On this page:


The Chronic Pain Service at St. George’s Hospital provides care for patients in the locality of the hospital. We accept referrals from GPs, and also from recognised senior physiotherapists.

Referrals to Pain Clinic can only be made by GP’s through e-Referral Service (eRS) – The St George’s Clinical Commissioner Reference Group (CCRG) and Clinical Quality Review Group (CQRG) have agreed that patients requiring Pain Clinic should be referred back to primary care to seek GP advice on management of cases and local pathways, and therefore Pain Clinic does NOT accept direct consultant-to-consultant referrals.

Referral to the Chronic Pain Self Management Team is by letter only.  If a direct referral is made to the Chronic Pain Self Management Team this must be done by a medical doctor or extended scope practitioner physiotherapist only.  Referrers will need to ensure that medical management has been optimised prior to referral to the Chronic Pain Self Management Team.  Please see the Chronic Pain Self Management Team referrer leaflet.

Referrals to either Pain Clinic or the Chronic Pain Self Management Team must include information regarding –

  • comprehensive pain history
  • previous treatments and their outcome
  • current and past pharmacology
  • relevant past medical history
  • Social and occupational impact of pain
  • Patient’s expectations / objectives for intervention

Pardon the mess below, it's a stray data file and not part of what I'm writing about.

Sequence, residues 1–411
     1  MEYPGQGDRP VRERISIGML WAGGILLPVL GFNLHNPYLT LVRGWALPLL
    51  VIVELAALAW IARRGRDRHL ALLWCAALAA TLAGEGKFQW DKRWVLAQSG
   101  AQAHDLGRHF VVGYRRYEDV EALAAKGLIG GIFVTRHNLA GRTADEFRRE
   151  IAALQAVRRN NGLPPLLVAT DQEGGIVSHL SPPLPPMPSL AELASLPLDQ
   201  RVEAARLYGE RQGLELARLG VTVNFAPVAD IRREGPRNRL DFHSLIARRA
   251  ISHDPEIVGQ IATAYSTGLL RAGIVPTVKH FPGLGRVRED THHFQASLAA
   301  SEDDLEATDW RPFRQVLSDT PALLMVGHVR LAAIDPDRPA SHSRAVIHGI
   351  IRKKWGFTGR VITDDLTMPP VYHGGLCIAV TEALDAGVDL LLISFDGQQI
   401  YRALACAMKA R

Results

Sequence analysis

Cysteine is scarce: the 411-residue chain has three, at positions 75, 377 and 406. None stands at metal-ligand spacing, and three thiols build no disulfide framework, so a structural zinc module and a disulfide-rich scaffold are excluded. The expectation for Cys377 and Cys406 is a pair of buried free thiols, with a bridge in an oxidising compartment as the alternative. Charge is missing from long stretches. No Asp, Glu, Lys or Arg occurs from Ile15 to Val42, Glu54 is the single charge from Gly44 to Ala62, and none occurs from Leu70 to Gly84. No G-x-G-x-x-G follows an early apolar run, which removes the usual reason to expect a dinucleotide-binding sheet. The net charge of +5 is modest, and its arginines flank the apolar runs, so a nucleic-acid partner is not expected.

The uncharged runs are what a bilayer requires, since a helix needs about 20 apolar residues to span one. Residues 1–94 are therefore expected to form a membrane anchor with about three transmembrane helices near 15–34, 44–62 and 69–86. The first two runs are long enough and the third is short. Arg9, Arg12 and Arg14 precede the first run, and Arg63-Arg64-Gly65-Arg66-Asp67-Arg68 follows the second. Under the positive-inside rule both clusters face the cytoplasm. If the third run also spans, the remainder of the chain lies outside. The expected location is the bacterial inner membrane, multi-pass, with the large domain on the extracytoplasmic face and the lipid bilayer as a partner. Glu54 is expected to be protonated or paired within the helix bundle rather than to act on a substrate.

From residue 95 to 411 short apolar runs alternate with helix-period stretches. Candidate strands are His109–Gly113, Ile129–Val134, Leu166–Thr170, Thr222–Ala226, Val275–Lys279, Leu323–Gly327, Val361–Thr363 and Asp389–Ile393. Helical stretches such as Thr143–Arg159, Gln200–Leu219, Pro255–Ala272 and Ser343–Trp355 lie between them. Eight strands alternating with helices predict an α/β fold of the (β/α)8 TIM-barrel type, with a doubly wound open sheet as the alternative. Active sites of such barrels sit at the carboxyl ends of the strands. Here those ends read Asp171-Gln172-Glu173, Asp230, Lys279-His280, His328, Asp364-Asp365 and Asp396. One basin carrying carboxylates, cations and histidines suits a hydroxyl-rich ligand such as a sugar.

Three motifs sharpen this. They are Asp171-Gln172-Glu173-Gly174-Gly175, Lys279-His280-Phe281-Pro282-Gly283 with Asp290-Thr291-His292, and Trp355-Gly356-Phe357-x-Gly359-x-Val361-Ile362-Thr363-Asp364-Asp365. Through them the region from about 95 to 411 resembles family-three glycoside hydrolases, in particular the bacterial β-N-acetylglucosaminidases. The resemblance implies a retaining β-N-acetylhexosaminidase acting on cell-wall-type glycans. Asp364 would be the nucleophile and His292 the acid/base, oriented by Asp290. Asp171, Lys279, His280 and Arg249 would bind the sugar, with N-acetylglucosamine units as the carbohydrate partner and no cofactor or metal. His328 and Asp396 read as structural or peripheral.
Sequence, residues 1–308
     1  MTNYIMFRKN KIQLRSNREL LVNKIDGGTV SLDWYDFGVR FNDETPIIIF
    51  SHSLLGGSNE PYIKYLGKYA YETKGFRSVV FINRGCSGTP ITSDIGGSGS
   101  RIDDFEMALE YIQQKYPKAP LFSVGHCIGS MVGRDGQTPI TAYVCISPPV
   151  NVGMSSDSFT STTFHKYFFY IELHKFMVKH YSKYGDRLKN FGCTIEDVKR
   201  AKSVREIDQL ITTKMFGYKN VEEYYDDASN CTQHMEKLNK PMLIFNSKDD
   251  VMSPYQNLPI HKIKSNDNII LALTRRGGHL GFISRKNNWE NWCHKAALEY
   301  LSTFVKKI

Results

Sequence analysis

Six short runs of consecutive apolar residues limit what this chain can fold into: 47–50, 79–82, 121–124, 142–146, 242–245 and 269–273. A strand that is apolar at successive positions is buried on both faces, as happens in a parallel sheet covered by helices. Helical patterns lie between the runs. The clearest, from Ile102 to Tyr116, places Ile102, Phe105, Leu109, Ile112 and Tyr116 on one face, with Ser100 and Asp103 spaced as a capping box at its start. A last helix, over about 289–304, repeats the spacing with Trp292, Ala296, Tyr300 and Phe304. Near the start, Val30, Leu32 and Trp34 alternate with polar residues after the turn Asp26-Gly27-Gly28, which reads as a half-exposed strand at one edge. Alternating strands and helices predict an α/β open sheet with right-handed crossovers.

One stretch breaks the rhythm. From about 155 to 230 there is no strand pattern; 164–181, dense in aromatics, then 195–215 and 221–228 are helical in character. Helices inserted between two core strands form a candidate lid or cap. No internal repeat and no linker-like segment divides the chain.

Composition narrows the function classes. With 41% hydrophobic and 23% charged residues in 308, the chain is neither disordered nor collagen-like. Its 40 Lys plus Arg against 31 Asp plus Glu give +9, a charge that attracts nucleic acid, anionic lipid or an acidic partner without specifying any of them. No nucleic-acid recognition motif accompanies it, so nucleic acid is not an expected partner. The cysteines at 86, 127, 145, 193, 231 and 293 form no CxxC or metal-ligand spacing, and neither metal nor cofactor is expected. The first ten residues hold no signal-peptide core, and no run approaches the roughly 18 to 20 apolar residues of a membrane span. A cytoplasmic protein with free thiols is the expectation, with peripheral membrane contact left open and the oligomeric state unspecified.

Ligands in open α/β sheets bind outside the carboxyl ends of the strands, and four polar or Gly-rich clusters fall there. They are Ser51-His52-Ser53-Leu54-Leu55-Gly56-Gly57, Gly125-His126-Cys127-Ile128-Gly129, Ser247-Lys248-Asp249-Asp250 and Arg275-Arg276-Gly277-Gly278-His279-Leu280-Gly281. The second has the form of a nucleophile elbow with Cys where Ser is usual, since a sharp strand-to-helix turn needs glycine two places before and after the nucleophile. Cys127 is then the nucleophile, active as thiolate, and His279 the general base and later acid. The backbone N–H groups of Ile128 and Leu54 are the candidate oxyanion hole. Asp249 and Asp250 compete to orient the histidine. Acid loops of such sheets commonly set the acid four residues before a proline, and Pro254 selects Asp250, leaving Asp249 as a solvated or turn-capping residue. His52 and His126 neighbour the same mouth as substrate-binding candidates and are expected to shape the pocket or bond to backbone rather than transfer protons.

Referrals that do not contain this information cannot be accepted.

In keeping with British Pain Society guidance, patients should ideally initially be seen in their local Chronic Pain Service.  However, we will accept referrals for people who do not live locally to St George’s Hospital if a referral is made directly (or at the request) of their local Chronic Pain Service.  The referral must include information from the local service regarding a comprehensive and up to date pain assessment, including assessment of needs and the reason(s) for requesting onward referral.  This is to enable partnership working close to the person’s home.

Chronic Pain Service Description

Chronic (or persistent) pain is the term used to describe pain which has lasted longer than the usual healing time after an illness or injury – usually given as three to six months. Chronic pain can occur in any part of the body.  It can be caused by an accident or injury. There are also many different health conditions that can lead to someone experiencing chronic pain, for example, arthritis.  However, people can also experience chronic pain when there is no clear identifiable health condition, illness or injury present.  This does not mean that chronic pain is not real but shows that chronic pain can be a very complex problem.

1 in 7 adults in the UK live with chronic pain making it a common problem.  However, chronic pain is a highly individual experience.  People react to living with pain in many different ways.  People with chronic pain can have difficulties carrying out daily activities, including work, leisure activities and exercise. This can be very distressing and people will often describe feeling low and anxious because of their pain problem.

The St George’s Chronic Pain Service is designed to help people living with chronic pain manage the challenges this condition can bring.

Clinic information / what to expect at an appointment

Pain Clinic